US 4423650 A
A method of producing uniform metal mirror surfaces which are harder than e starting material. A three step machining process produces uniform metal mirror surfaces without polishing defects or lack of spatial uniformity from previous polishing methods. The surface is first machined in the normal manner for diamond turning. The second machining process requires the rake angle to be made negative to the extent of approximately 30°. This machining process creates plastic deformation in the surface material. The final step requires machining material in the top rake angle of from -5° to +5° which provides the uniform surface of regular diamond machining. An alternate method only needs a single cut at an intermediate rake angle.
1. A method of producing uniformly hardened metal mirror surfaces with a turning diamond machining bit comprising the steps of:
preparing a given metal surface by diamond turning it with said bit positioned at a top rake angle within the range of -5° to +5°;
machining said metal surface by diamond turning it with said bit positioned at a top rake angle of approximately -30° such that plastic deformations of a predetermined depth occurs in said metal surface due to compression loading with minimal shearing force to form a chip at the metal surface; and
remachining said metal surface a third time by diamond turning it with said bit positioned at a top rake angle of approximately 0° such that sufficient shearing force to machine the surface is present so only a portion of said predetermined depth is removed.
1. Field of the Invention
This invention pertains to a method for producing high quality metal mirror surfaces. In particular, this method pertains to hardened metal surfaces suitable for high energy laser mirrors.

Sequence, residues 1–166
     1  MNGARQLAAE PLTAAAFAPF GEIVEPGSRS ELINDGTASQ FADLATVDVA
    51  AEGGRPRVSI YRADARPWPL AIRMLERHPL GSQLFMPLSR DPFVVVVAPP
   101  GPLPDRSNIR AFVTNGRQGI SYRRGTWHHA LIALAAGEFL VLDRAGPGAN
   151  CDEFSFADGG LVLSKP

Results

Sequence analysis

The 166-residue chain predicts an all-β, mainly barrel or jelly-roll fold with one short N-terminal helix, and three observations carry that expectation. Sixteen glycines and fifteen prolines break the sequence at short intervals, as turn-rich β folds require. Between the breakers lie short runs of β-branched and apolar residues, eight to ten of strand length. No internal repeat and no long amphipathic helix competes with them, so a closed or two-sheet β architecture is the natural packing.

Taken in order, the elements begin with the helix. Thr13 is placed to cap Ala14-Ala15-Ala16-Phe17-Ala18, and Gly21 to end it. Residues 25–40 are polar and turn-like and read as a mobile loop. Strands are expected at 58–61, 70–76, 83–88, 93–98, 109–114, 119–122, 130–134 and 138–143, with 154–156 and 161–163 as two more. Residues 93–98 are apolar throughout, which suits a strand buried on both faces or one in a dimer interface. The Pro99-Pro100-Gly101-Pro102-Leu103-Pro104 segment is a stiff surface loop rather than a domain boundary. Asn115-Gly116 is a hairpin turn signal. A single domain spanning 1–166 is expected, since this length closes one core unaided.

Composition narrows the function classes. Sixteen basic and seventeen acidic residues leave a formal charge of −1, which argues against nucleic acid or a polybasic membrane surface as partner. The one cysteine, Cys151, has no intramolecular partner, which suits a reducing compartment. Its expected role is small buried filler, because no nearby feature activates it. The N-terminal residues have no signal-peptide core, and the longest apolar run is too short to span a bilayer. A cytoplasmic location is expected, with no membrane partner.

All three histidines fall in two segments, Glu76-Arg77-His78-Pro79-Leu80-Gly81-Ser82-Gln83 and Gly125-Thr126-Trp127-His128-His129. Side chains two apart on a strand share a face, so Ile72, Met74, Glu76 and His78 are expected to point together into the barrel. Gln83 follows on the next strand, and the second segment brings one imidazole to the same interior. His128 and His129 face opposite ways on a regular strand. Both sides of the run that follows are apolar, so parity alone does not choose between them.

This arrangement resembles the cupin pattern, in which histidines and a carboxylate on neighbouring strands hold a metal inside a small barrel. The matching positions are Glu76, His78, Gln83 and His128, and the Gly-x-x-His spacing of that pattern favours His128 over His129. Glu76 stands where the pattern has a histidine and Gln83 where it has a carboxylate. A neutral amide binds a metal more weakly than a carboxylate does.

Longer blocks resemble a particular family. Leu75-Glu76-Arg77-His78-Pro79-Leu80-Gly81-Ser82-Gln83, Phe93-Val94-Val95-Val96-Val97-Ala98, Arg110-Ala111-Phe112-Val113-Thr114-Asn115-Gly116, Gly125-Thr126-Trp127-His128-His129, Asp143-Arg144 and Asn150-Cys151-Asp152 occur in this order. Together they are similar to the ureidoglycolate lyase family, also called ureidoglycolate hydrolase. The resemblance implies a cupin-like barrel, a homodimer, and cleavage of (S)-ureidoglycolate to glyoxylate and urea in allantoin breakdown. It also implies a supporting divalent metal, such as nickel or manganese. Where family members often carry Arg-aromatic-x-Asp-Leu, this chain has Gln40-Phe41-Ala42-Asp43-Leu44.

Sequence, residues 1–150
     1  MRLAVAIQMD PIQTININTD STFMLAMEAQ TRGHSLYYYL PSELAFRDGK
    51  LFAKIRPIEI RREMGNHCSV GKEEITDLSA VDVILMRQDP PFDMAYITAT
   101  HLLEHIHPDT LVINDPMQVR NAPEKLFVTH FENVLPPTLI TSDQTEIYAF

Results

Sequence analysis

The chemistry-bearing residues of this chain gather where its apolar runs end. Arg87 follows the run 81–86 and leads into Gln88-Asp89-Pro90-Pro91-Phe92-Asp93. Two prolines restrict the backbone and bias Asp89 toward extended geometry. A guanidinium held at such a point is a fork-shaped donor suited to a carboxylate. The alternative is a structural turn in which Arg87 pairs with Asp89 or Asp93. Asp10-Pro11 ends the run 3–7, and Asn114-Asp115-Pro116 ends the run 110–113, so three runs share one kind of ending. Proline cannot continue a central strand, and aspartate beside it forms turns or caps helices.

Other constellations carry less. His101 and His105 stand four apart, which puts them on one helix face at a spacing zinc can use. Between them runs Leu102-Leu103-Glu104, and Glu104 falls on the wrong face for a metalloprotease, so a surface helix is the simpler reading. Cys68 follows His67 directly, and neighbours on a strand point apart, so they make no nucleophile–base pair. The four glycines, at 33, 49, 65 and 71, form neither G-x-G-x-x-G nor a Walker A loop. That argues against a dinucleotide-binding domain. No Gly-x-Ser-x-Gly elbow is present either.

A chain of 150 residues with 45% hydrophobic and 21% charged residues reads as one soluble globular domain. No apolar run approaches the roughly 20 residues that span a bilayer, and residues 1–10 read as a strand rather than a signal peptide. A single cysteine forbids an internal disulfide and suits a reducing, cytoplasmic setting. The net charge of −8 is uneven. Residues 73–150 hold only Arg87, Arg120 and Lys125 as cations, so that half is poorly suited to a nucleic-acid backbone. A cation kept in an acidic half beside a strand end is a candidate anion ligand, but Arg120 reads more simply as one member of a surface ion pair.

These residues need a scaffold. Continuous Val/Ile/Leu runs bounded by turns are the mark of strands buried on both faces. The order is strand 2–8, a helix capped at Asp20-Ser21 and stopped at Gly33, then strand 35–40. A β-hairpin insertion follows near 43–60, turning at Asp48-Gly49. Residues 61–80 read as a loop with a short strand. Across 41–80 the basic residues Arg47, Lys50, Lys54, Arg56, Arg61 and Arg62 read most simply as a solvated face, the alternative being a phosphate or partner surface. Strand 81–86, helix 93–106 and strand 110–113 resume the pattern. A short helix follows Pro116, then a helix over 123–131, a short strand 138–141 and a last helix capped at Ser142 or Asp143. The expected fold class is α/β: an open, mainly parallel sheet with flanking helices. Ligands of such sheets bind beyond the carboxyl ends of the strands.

2. Description of the Prior Art
Cold working of a metal surface has been practiced for centuries. Such surface treatment as peening, rolling, forging, etc. produce work hardened and smooth surfaces. However, none of these methods produces an accurately finished surface suitable for optical applications. It is possible to produce a hard surface by mechanical polishing using a hard lap and polishing under high pressure. That process is a form of mechanical polishing which produces a surface with generally embedded polishing compound and other types of surface and subsurface damage.
Diamond machining has arisen as a way of producing precision surfaces of higher quality than the typical polished surface. A diamond turned surface has a notable lack of embedded polishing compound and can possess a relatively high crystalline order. While the diamond machining produces a surface with a high laser damage threshold for melting over much of its area, the diamond machining, like the polishing method above, does not produce a spatially uniform surface. The term "diamond machining" used herein refers to single point diamond machining. While ideally a single point should be used, there is finite width and a single edge is used. Further background on this type of optical work can be found in the Proceedings of the Society of Photo-Optical Instrumentation Engineers, Vol. 93, Advances in Precision Machining of Optics, August 1976, which is incorporated by reference.
The same cutting principles apply to tools using other than single crystal diamonds. The cutting tool can be made of any material with a cutting edge sufficiently sharp enough to substitute for the traditional diamond edge. The need is for a decent crystal edge for cutting on an atomic scale. For current state of the art, diamond is the most practical substance to use.